The Raiders need help just about everywhere on defense, and the line is a great place to start. The 6-5, 275-pound Walker wins with top-end strength and explosiveness and has shown the versatility to play with his hand in the dirt or as a stand-up edge rusher. He’s even been asked to drop into coverage on occasion at Georgia. If he can refine his pass-rushing technique, Walker could be an impact player for a defense that really needs one.
23. Arizona Cardinals: Tyler Linderbaum, C, Iowa
One of the biggest questions of the draft is where Linderbaum ends up. The 6-3, 290-pound mauler is the best center prospect PFF has graded since it started evaluating prospects in 2014, yet it’s hard to justify picking an interior lineman so early in the draft. In Arizona, he would help solidify an offensive line that struggled run blocking in 2021.
24. Dallas Cowboys: Devin Lloyd, LB, Utah
Could NFL Defensive Rookie of the Year Micah Parsons take on a bigger pass-rushing role in 2022? With defensive end Randy Gregory and linebackers Leighton Vander Esch and Keanu Neal hitting free agency, the Cowboys could unleash Parsons on the edge while having the 6-3, 225-pound Lloyd patrol the middle. The Utah star can blitz, cover and shed blocks with the best of them, giving Dallas another versatile player to build around.
25. Buffalo Bills: Devonte Wyatt, DT, Georgia
There aren’t too many holes on this Bills roster, which means they have the luxury of targeting just about any position they want. One area that should be addressed, however, is the defensive interior, especially if veteran Harrison Phillips is not re-signed. The 6-3, 315-pound Wyatt is an explosive athlete who flashes rare quickness and bend for someone his size. Wyatt, Ed Oliver, Gregory Rousseau and A.J. Epenesa would be a tough defensive front to deal with, to say the least.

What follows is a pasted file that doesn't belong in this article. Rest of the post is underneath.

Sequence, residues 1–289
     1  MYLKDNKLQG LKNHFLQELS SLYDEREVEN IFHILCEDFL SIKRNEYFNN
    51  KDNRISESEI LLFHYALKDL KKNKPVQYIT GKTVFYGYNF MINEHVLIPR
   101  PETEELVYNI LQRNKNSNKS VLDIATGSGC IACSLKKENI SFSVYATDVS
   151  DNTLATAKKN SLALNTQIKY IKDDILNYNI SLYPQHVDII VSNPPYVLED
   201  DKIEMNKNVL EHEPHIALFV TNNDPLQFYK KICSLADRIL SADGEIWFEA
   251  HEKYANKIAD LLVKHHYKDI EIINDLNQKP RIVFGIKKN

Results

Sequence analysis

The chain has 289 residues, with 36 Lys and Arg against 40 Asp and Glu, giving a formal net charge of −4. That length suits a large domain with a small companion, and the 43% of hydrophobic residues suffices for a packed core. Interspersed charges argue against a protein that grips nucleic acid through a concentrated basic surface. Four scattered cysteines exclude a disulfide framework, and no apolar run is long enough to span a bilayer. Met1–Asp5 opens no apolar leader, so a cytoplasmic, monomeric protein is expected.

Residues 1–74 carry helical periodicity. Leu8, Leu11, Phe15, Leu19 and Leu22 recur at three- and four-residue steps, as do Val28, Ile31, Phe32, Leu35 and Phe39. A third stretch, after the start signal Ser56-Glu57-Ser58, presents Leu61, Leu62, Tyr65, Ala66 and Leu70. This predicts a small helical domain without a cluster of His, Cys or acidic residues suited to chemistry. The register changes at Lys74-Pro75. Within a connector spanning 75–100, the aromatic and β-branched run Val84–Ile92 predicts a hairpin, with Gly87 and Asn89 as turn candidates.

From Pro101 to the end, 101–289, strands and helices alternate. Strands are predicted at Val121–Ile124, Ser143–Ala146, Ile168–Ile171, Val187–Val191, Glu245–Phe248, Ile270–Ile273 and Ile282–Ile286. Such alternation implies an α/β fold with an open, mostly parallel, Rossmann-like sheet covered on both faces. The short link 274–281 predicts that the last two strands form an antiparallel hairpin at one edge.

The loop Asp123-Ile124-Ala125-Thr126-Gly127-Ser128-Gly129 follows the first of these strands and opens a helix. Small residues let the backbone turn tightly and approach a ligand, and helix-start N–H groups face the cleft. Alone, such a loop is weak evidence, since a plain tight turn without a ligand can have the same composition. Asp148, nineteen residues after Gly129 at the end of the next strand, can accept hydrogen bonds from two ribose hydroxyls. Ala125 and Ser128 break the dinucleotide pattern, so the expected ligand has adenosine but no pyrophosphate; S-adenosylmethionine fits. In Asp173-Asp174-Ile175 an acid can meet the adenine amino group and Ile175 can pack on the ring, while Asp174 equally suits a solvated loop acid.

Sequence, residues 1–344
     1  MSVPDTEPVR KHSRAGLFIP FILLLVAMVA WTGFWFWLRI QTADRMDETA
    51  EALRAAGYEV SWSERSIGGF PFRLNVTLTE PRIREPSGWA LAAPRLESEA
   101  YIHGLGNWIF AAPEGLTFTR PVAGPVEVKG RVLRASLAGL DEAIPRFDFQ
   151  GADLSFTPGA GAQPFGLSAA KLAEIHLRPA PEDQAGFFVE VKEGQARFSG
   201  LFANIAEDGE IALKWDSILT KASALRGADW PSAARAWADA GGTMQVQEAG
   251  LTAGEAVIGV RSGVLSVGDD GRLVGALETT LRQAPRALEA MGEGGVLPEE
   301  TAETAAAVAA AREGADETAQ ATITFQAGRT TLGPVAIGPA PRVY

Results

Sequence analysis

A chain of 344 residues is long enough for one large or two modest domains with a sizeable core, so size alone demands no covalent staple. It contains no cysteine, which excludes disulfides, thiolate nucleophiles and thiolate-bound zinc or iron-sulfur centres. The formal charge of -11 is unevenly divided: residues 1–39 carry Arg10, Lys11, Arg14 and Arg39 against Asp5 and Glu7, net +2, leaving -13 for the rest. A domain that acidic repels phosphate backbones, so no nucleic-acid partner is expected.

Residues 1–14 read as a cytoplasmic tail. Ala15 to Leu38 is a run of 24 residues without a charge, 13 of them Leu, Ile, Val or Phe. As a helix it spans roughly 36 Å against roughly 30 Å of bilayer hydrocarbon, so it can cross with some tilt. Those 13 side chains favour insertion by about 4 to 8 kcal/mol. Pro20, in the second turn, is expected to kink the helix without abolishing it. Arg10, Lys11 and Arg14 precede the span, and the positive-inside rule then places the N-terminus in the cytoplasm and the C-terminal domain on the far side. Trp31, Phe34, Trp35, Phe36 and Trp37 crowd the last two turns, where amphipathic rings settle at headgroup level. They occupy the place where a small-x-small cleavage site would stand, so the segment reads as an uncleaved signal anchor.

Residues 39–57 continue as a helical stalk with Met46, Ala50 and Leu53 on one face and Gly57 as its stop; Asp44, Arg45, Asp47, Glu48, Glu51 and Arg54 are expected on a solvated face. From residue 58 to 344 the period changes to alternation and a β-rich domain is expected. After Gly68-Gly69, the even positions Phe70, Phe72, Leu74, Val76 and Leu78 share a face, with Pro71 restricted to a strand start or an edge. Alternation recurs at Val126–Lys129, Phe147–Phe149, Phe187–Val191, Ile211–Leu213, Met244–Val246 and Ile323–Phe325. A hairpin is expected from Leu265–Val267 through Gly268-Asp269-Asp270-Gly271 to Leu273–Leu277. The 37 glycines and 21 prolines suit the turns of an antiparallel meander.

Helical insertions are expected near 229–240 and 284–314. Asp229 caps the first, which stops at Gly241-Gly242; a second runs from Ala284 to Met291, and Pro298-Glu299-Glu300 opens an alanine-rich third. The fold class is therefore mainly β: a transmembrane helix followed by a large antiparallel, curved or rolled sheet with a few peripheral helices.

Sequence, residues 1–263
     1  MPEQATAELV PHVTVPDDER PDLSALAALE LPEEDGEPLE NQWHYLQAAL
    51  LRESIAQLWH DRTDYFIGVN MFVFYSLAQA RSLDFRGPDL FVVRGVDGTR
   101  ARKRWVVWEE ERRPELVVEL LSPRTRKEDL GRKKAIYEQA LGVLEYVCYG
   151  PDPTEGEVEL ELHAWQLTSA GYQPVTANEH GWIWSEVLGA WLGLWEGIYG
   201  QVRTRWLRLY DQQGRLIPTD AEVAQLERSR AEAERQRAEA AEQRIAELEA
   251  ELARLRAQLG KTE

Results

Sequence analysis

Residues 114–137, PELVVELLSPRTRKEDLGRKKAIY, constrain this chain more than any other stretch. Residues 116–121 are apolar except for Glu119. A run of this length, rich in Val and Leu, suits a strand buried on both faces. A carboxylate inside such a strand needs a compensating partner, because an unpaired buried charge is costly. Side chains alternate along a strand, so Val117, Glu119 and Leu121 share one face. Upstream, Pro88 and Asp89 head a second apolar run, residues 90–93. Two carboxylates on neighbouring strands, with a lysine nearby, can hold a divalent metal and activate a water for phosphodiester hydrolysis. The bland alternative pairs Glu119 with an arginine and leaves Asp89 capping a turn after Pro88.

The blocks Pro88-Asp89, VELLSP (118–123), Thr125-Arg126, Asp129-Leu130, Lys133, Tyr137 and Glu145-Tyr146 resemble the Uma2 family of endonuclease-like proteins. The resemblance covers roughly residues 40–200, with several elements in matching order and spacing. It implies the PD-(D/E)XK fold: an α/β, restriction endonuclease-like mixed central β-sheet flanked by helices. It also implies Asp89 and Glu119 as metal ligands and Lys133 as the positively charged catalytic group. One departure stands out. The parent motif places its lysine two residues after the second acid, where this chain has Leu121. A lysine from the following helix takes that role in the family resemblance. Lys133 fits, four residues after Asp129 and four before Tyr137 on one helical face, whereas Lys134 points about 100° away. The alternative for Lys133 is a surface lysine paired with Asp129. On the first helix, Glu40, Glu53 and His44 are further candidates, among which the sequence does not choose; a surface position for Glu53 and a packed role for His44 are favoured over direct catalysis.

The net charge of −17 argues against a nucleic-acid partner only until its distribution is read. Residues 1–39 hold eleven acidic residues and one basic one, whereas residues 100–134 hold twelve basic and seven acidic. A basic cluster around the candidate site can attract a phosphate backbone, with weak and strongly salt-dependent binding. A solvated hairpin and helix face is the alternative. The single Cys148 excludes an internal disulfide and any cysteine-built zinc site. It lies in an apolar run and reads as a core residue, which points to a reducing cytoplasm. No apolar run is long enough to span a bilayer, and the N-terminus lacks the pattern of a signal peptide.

26. Tennessee Titans: Jermaine Johnson II, EDGE, Florida State
Offensive line and tight end are more glaring needs, but the Titans shouldn’t pass on a chance to upgrade their pass rush, especially with star outside linebacker Harold Landry III hitting free agency. The 6-5, 262-pound Johnson is a hard edge-setter who stood out at the Senior Bowl after recording 14 sacks in 2021.
27. Tampa Bay Buccaneers: Jordan Davis, DT, Georgia
Even before quarterback Tom Brady retired, the Bucs were facing a mass exodus of players like wide receiver Chris Godwin, tight end Rob Gronkowski, defensive lineman Ndamukong Suh and edge defender Jason Pierre-Paul in free agency. While there are impact positions to upgrade like receiver, cornerback and pass rusher, the idea of the 6-6, 340-pound Davis playing alongside Vita Vea, Shaquil Barrett and Joe Tryon-Shoyinka is way too fun to pass up.
28. Green Bay Packers: Jahan Dotson, WR, Penn State
All bets are off here if quarterback Aaron Rodgers and wide receiver Davante Adams don’t return in 2022. But even if they do come back, the Packers need another weapon. What the 5-11, 184-pound Dotson lacks in size, he more than makes up for with strong hands, elusiveness after the catch and silky-smooth route-running.
29. Miami Dolphins (via San Francisco 49ers): Trevor Penning, OT, Northern Iowa
After allowing a league-leading 235 pressures last season, according to PFF, the Dolphins need to do everything they can to fix the offensive line. The 6-7, 321-pound Penning, a Senior Bowl standout after dominating FCS-level competition, would be a great start.
30. Kansas City Chiefs: Arnold Ebiketie, EDGE, Penn State
With Melvin Ingram hitting free agency and Frank Clark’s future in Kansas City uncertain thanks to his bloated salary, the Chiefs need pass-rushing help. The 6-3, 256-pound Ebiketie racked up eight sacks and 52 pressures in his lone season at Penn State after transferring from Temple, beating blockers with flexibility and excellent hands.
31. Cincinnati Bengals: Kenyon Green, G, Texas A&M
After quarterback Joe Burrow was sacked 19 times during a stunning Super Bowl run, the Bengals’ draft strategy should be pretty simple: “best offensive lineman available.” The 6-4, 325-pound Green projects as a standout guard, but he could fill in at tackle for a team that desperately needs to fix the right side of its line.
32. Detroit Lions (vis Los Angeles Rams): Jaquan Brisker, S, Penn State
There are still some big-name quarterbacks on the board like Kenny Pickett, Matt Corral and Sam Howell, but the Lions are more than a quarterback away from contending. Adding a playmaking safety like the 6-1, 200-pound Brisker would help fix a leaky secondary that could lose one of its only bright spots, safety Tracy Walker, in free agency.